Even if you block sending of certain types of data through your firewall or filtering systems, a determined person may be able to connect a company laptop to a different wireless network within range, one that doesn't have blocking mechanisms in place. Or he or she might connect the computer to a cell phone that has Internet access and use the phone as a modem. Keep track of wireless networks that may be available from your company premises and if possible, block their signals.

10

Beware creative data theft methods formats

Remember that your data can walk out in many different formats. A user can print out a document and carry it out in paper form or a thief can steal printed documents from trash cans if the paper hasn't been shredded. Even if you've implemented a technology such as rights management to prevent copying or printing documents, a person could take a digital or film photograph of the content onscreen or even sit and copy the information by hand. Be aware of all the ways your data can leave the premises and take steps to protect against them.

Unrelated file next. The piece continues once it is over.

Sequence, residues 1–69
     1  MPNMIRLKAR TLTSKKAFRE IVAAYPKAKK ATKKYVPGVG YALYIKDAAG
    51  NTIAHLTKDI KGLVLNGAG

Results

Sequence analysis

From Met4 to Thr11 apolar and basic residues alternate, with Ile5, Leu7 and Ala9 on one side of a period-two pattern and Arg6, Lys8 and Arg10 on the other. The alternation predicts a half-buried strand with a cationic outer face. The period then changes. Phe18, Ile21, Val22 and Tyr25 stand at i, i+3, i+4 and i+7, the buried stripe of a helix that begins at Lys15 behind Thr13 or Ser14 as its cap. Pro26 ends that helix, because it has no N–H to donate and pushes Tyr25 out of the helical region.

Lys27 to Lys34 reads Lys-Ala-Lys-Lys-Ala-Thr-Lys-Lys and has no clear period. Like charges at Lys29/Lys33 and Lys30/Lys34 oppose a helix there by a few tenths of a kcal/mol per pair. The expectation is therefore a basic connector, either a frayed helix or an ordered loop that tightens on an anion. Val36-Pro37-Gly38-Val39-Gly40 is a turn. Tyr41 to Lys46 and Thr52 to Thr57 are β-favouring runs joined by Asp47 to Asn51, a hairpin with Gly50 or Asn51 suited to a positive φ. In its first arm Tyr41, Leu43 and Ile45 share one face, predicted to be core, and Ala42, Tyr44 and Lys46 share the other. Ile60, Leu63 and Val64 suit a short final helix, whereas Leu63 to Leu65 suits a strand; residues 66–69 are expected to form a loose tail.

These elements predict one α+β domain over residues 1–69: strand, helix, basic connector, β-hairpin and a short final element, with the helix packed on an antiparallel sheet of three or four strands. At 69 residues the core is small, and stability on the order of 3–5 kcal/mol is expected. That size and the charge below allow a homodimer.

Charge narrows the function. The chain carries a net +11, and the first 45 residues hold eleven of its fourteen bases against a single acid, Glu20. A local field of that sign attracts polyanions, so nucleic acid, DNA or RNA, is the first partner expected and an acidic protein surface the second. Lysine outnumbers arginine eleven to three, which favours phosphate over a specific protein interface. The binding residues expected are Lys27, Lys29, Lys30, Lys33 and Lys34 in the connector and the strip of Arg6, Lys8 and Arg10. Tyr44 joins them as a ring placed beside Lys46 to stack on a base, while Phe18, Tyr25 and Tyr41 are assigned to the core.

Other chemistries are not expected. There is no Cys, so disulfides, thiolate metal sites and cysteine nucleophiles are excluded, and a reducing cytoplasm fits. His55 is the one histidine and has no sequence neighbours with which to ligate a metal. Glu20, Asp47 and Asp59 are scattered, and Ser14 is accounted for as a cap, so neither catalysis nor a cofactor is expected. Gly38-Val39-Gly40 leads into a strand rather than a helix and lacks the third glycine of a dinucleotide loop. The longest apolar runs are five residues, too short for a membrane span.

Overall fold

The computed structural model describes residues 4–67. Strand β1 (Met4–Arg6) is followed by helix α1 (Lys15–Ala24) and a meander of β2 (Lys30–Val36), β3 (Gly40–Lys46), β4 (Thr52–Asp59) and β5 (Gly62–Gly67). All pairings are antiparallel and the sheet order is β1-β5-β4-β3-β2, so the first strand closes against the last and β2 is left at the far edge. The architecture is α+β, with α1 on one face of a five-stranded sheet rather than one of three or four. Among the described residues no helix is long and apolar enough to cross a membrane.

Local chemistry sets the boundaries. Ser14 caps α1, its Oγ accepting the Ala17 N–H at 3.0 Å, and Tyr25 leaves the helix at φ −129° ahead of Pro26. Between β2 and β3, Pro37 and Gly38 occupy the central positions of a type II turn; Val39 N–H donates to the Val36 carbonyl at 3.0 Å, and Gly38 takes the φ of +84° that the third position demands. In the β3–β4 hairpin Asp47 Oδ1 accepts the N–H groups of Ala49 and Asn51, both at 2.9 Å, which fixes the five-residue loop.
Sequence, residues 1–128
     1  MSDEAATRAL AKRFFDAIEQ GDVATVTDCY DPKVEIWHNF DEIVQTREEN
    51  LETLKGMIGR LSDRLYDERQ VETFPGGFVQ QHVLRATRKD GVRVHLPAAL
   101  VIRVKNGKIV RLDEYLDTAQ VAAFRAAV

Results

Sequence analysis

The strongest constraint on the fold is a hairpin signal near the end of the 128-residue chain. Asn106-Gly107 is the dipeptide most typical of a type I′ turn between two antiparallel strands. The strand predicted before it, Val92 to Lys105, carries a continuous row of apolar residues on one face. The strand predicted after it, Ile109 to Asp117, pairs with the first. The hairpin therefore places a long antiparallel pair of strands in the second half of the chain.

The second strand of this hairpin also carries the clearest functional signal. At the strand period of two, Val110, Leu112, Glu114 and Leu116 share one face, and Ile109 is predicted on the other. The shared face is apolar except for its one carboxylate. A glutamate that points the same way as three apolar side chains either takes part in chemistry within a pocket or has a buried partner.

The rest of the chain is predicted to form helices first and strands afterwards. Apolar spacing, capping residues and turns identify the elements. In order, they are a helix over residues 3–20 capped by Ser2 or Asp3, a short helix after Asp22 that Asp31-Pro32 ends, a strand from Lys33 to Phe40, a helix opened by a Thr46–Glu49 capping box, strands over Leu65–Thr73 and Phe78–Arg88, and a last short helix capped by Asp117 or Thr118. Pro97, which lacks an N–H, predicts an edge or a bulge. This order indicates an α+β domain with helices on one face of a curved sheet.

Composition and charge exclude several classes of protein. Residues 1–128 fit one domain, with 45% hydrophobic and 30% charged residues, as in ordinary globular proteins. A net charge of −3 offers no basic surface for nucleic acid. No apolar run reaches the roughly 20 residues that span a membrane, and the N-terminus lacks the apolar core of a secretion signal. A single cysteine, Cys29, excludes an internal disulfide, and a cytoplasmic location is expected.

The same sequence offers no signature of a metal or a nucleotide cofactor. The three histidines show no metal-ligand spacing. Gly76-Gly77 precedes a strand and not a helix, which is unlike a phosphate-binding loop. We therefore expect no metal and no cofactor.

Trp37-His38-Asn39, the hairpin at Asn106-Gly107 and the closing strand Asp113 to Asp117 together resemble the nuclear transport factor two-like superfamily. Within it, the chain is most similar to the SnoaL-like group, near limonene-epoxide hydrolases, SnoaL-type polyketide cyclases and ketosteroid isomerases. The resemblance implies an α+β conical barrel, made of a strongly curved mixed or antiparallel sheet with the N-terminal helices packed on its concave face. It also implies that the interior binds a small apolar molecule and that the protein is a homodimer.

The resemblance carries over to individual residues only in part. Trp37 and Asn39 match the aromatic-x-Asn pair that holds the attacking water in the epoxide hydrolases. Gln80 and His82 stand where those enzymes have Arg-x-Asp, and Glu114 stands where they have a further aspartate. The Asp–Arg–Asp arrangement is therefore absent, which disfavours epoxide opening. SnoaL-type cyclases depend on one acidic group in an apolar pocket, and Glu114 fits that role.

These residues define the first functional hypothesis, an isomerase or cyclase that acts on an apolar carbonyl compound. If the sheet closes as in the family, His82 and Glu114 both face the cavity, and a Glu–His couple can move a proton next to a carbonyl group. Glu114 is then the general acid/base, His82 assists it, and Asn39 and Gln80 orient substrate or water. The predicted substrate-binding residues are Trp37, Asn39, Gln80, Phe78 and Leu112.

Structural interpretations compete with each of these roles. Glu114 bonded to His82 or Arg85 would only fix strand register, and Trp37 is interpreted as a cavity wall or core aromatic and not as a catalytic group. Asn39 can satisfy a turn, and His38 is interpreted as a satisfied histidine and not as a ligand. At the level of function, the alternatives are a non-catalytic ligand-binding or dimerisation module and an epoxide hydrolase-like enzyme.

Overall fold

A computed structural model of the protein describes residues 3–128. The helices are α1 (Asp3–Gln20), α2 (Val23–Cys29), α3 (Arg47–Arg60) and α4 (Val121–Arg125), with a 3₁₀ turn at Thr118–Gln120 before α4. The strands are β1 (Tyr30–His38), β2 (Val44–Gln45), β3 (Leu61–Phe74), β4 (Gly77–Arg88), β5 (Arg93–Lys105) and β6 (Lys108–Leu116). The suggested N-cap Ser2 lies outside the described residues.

Debra Littlejohn Shinder is a technology consultant, trainer and writer who has authored a number of books on computer operating systems, networking, and security. These include Scene of the Cybercrime: Computer Forensics Handbook, published by Syngress, and Computer Networking Essentials, published by Cisco Press. She is co-author, with her husband, Dr. Thomas Shinder, of Troubleshooting Windows 2000 TCP/IP, the best-selling Configuring ISA Server 2000, and ISA Server and Beyond.

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10 things you can do to make sure your data doesn't walk out the door

Additional resources
TechRepublic's Downloads RSS Feed Sign up for TechRepublic's Downloads Weekly Update newsletter Sign up for our IT Security NetNote Check out all of TechRepublic's free newsletters Take security precautions when an employee leaves the organization (TechRepublic download) 10 things you can do to protect your data (TechRepublic download) Protect your organization against pretexters with help from Sun Tzu and The Art of War (TechRepublic download)